The New York City hot dog, best served street side doused in ketchup and mustard, is both gritty and served quickly—indeed an emblem of the city itself. Each urban space and culture around the world develops its own street food, from currywurst in Berlin to porchetta sandwiches in Rome. In many instances street food is one of the most authentic and accessible foods one can eat in a foreign country, presenting culinary traditions adopted to modern urban centers.
When people talk about jazz history in New York City, they usually talk about Harlem and Greenwich Village. Indeed, Harlem was full of jazz clubs in the 1920s, like the Apollo and the Cotton Club. But if you were going to trace jazz back to its true home, you’d have to go to Queens, where many of the musicians who performed in Manhattan’s clubs lived. The Queens Jazz Trail Map by Ephemera Press was commissioned by Flushing Town Hall to show the homes of jazz legends and places of interest for jazz fans. (more…)
While “architecture” and Flushing are not two words that are normally associated, we hope you’ll be surprised to find quite a range of unique buildings and structures, ranging from an abandoned movie theater, a wooden Quaker Meeting house, stately government buildings, and the remains of the World’s Fair at Flushing Meadows.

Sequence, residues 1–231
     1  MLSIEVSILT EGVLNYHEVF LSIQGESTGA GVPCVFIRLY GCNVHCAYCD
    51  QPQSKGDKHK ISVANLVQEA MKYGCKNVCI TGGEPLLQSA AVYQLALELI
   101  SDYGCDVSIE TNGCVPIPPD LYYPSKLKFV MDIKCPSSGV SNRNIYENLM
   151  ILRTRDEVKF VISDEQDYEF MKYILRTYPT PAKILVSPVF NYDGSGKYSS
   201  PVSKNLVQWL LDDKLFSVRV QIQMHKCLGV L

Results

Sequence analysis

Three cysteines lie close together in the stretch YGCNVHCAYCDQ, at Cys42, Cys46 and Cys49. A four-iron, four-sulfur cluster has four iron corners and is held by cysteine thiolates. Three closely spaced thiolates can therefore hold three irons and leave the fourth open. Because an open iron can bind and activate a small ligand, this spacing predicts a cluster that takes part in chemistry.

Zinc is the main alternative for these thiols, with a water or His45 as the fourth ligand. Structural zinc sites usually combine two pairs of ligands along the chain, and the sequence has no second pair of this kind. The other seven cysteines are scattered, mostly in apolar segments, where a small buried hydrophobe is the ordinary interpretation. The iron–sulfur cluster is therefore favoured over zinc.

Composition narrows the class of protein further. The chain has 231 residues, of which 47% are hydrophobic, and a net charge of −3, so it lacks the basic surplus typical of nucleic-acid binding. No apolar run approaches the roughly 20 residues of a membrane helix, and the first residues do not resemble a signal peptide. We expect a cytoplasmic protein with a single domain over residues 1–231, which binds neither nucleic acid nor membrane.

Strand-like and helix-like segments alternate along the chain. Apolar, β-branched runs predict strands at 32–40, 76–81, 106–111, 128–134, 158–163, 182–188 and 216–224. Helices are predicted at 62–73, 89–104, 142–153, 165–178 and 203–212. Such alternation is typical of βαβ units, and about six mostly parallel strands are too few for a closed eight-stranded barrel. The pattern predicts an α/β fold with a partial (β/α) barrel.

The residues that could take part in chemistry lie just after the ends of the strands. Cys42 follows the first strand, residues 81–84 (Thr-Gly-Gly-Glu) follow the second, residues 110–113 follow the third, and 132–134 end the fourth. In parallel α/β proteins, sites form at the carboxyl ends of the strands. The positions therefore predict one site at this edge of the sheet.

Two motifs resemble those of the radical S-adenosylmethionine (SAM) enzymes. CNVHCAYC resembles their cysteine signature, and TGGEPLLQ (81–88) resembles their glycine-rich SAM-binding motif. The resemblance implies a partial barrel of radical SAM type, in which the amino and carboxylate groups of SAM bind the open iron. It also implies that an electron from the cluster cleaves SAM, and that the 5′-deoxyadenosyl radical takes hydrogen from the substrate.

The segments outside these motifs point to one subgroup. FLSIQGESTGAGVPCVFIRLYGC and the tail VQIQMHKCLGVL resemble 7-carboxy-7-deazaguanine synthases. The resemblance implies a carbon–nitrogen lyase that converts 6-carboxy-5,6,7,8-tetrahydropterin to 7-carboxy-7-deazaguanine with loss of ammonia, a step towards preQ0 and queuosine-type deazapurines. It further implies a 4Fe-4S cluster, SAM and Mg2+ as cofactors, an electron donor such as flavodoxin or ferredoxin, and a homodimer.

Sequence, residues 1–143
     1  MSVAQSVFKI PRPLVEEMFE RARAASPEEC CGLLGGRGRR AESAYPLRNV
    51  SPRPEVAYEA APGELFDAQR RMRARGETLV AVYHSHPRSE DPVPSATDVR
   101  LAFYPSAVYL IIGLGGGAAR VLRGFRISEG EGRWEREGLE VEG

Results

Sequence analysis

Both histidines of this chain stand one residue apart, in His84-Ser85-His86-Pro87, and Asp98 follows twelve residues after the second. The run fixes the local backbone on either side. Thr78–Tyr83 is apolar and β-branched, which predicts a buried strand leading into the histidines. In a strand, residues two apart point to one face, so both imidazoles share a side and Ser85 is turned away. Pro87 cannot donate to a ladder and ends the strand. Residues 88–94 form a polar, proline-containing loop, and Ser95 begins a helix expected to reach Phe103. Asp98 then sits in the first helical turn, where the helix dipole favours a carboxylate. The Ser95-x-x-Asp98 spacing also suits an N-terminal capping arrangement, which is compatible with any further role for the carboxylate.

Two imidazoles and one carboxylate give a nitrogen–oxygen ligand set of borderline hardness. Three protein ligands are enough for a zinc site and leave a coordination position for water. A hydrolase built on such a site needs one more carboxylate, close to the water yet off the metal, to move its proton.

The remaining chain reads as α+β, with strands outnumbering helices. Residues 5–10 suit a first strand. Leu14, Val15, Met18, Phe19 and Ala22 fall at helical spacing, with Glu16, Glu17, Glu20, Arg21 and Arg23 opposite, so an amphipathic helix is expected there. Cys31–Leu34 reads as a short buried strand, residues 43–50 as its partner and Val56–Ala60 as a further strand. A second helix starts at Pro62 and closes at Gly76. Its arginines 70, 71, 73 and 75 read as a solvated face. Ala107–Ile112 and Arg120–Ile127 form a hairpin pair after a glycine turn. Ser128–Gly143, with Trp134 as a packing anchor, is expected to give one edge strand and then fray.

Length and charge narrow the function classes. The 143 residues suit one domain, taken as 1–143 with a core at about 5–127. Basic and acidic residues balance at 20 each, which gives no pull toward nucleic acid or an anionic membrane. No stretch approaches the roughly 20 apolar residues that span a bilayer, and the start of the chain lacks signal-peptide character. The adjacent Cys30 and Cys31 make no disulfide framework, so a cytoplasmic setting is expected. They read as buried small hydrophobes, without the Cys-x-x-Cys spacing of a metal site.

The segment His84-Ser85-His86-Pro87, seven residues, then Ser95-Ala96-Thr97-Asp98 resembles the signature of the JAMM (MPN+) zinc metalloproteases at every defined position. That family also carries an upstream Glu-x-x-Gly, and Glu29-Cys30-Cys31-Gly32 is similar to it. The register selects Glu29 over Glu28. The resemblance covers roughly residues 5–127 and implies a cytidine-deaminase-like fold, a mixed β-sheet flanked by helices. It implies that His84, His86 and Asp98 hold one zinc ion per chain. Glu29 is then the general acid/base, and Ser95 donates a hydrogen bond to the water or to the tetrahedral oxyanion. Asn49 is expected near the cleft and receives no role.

Throughout the past several decades, Flushing, Queens has become one of the largest and fastest growing ethnic Chinese diasporas outside of Asia, even within New York City itself. Flushing can be quite daunting to the outsider who’s not familiar with the area or traditional Chinese cuisine. Fortunately, after many visits through the bustling streets, seemingly endless restaurants, and surrounding parks, we have put together a day long walking guide to help give you a taste of the food, sightseeing attractions, and culture. Read on after for this guide for the top architectural sites in Flushing.
There’s probably a restaurant serving every cuisine in the world in New York City, but making authentic curry, dumplings, clotted cream or injera bread in your own kitchen gets tricky without the right ingredients. We go on a shopping spree for some of the more unconventional grocery list items at New York’s ethnic markets, starting with Asian groceries. (more…)
The 1939 World’s Fair in New York City may have the longer legacy in our collective memory, with its forward-looking Futurama exhibit, but it’s the 1964 World’s Fair which remains in our built environment. With a theme of “Peace Through Understanding,” the 1964-1965 New York World’s Fair became the second world’s fair to be held in Flushing Meadows-Corona Park. It led to the creation of the iconic Unisphere, the New York State Pavilion, and the observatory towers, made famous in the film Men in Black.